Purpose of review: To provide an updated perspective of the most common parasitic infections occurring in solid-organ transplant (SOT) recipients.
Recent findings: Parasitic infections are an emerging problem in SOT programs and represent a diagnostic and therapeutic challenge. Transplantation in endemic areas – including medical tourism, international travel and migration – justify the necessity of considering parasitic infections in the differential diagnosis of posttransplant complications. Molecular techniques, such as PCR, may improve the diagnostic accuracy and help during the follow-up.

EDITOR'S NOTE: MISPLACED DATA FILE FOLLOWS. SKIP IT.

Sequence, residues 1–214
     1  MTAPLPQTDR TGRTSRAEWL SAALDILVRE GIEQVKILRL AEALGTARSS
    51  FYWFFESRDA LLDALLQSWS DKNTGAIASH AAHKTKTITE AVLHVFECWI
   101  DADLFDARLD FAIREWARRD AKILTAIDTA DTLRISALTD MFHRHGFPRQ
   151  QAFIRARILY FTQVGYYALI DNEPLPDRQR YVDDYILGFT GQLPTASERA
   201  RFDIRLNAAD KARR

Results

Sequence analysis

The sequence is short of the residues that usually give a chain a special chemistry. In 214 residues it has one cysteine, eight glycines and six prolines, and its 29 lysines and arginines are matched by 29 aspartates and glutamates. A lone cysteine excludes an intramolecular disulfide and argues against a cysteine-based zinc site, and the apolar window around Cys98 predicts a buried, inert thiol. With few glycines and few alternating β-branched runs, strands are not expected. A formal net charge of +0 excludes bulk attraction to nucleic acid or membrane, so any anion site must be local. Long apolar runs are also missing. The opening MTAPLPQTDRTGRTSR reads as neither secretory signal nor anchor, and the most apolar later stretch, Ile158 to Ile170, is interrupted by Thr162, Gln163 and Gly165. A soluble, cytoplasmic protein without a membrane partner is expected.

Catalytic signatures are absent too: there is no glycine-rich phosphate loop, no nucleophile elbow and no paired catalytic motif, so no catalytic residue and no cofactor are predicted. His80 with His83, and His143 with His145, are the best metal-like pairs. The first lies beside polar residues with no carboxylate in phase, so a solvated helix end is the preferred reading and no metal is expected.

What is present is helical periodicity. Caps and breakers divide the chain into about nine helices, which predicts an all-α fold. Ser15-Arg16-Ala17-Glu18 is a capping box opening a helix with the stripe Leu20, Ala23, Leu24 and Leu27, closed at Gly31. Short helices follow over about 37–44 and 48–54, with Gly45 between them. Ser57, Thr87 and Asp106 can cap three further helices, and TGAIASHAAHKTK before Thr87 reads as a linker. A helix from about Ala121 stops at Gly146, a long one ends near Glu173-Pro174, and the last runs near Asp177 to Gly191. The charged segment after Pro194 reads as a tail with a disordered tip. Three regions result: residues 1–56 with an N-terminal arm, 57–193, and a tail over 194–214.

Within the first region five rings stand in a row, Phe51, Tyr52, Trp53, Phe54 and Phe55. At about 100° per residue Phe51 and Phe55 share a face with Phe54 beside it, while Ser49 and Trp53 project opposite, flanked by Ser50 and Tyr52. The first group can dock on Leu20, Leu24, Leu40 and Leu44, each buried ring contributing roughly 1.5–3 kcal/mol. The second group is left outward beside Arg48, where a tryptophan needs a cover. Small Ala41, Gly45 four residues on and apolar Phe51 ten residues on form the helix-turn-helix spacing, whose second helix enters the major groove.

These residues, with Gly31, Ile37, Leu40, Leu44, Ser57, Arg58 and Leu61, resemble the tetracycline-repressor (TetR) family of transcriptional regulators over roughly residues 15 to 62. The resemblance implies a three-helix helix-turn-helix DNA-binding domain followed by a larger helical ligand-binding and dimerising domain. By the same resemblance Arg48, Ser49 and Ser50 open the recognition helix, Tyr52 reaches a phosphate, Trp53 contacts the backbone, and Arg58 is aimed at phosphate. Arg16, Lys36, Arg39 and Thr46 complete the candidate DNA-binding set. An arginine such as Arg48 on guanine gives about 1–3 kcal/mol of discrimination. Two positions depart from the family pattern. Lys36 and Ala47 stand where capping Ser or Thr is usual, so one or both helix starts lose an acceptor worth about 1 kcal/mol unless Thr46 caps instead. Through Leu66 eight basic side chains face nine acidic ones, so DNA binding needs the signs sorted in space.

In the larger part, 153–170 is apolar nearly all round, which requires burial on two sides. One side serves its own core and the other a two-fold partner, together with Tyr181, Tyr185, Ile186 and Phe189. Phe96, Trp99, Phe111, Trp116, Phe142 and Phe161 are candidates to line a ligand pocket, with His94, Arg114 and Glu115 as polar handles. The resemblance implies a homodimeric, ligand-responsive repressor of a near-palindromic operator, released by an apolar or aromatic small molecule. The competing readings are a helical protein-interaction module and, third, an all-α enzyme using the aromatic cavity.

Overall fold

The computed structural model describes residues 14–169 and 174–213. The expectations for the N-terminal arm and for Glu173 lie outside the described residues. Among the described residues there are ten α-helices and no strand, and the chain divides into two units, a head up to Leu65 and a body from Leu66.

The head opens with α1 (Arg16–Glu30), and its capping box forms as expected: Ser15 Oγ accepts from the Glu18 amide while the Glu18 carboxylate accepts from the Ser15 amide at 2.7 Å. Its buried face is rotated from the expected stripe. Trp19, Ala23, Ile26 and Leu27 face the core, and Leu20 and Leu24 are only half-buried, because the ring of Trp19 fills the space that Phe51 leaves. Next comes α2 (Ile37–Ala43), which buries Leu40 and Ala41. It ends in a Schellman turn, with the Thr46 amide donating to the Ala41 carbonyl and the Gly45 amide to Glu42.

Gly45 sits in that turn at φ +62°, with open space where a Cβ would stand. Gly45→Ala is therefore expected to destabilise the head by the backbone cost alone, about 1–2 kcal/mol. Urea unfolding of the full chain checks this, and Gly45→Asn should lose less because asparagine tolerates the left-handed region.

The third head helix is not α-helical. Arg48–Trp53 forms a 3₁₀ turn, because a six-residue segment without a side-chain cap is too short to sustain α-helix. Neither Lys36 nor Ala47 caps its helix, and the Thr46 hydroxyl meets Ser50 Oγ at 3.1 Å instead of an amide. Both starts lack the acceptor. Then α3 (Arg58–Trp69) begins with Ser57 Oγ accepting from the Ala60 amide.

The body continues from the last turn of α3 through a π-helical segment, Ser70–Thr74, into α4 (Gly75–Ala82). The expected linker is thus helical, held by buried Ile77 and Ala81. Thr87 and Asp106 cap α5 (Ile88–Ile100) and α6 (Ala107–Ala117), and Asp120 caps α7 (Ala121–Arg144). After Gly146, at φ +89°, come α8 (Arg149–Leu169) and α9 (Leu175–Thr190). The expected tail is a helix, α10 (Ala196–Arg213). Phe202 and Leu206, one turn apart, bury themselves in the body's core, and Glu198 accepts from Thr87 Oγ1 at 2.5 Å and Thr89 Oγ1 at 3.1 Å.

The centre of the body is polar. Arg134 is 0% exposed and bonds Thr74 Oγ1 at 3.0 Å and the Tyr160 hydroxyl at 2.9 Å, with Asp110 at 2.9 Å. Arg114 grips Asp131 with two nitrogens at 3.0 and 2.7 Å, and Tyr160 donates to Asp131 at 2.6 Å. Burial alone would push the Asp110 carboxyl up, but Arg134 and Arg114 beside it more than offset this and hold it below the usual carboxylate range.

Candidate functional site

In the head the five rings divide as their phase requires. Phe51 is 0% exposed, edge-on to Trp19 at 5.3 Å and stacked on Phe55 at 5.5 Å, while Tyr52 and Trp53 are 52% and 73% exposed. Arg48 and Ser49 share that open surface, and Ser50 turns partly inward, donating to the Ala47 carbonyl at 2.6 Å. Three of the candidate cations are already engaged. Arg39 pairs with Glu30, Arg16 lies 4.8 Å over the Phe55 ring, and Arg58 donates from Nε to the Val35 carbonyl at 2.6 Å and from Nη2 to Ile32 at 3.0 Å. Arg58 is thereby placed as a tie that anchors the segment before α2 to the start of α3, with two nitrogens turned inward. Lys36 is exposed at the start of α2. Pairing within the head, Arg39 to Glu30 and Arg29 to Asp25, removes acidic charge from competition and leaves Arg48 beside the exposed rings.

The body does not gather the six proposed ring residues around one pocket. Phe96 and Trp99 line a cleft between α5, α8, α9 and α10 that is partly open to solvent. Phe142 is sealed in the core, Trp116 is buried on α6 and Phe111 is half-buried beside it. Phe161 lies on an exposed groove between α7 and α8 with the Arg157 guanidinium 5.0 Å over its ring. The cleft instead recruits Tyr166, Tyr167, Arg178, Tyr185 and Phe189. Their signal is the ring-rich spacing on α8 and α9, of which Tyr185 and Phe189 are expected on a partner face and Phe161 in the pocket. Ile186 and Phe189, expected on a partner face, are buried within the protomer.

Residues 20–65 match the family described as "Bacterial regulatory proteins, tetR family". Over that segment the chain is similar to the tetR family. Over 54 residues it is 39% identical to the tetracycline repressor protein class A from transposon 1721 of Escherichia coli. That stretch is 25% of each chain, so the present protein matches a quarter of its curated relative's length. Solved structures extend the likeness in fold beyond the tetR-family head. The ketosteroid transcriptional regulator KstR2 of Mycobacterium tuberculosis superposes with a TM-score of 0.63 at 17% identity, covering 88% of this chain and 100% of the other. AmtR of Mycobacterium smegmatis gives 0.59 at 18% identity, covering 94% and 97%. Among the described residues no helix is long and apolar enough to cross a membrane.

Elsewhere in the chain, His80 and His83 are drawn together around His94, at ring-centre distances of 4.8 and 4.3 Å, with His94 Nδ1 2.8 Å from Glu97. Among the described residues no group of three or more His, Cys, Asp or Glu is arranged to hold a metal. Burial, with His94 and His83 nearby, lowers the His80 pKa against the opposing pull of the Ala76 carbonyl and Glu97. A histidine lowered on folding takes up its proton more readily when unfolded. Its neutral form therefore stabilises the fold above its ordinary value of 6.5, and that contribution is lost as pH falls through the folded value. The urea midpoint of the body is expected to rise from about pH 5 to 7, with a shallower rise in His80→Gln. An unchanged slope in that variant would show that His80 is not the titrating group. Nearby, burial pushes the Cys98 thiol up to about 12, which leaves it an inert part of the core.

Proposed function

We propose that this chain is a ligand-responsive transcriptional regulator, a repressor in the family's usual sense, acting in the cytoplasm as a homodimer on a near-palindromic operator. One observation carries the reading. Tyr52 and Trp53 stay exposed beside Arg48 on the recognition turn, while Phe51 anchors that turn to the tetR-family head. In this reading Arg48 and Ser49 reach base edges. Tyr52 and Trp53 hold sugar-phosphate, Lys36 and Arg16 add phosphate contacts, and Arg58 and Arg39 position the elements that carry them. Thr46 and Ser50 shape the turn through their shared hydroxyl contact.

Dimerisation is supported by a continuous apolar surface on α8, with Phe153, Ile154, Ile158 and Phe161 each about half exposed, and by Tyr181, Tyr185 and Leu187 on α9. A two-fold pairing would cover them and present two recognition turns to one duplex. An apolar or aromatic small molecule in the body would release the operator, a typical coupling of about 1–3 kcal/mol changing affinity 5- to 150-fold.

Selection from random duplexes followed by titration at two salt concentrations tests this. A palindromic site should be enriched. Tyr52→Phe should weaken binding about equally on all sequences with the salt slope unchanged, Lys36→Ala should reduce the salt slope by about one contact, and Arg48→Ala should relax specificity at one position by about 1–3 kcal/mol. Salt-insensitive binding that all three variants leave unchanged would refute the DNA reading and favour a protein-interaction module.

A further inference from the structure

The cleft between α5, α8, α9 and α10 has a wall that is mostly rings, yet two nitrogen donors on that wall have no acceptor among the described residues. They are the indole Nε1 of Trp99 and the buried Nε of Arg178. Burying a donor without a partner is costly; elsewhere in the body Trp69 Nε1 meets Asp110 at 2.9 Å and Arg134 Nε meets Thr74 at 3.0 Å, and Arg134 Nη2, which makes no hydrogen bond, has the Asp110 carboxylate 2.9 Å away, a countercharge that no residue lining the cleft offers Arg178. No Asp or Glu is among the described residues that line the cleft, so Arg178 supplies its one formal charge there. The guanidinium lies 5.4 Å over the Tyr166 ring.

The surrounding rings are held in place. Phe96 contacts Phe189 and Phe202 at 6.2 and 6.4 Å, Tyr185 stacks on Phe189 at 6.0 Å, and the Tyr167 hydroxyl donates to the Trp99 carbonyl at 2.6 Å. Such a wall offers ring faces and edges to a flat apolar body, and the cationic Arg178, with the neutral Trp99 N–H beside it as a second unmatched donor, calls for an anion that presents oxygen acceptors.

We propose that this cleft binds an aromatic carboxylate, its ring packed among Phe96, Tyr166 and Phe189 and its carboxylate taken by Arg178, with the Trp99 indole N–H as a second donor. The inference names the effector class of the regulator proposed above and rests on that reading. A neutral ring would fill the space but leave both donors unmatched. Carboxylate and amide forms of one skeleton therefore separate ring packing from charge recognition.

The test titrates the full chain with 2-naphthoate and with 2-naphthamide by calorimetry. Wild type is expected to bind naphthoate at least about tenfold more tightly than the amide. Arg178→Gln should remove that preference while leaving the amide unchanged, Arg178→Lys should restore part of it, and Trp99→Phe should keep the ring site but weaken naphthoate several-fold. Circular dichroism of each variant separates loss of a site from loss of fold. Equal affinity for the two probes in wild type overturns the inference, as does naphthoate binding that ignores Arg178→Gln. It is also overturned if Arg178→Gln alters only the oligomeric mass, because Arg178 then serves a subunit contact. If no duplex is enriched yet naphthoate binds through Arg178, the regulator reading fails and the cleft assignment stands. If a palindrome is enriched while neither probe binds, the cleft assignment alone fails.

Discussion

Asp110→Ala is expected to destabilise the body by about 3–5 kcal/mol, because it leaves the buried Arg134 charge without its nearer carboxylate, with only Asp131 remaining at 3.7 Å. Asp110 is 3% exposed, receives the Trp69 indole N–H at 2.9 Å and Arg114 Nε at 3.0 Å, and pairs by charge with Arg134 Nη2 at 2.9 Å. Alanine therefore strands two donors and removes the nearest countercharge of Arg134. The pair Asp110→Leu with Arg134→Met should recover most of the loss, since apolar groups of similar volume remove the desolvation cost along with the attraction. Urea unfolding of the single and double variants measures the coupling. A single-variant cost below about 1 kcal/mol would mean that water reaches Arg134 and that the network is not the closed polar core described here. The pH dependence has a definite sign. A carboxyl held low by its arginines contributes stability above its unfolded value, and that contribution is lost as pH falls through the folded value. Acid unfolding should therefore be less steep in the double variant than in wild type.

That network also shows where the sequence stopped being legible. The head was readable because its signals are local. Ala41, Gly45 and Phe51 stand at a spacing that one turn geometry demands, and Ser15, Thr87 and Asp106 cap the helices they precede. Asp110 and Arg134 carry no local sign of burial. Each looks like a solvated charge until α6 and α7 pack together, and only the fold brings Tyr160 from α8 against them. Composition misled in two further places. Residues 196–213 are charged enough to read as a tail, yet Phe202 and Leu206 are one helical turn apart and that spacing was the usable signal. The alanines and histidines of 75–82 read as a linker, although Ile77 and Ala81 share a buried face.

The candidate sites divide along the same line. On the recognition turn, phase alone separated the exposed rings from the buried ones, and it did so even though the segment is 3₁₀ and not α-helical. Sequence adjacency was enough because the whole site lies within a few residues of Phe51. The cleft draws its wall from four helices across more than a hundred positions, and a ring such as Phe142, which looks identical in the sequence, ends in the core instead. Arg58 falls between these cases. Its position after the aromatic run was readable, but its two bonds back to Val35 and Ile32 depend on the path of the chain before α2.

Summary: Parasitic infections are an uncommon but potentially severe complication in SOT recipients. An increase of donors emigrated from tropical areas and more posttransplant patients traveling to endemic areas have led to a rise in parasitic infections reported among SOT recipients. Transplant physicians should get familiar with parasitic infections and promote adherence to preventive measures in SOT recipients.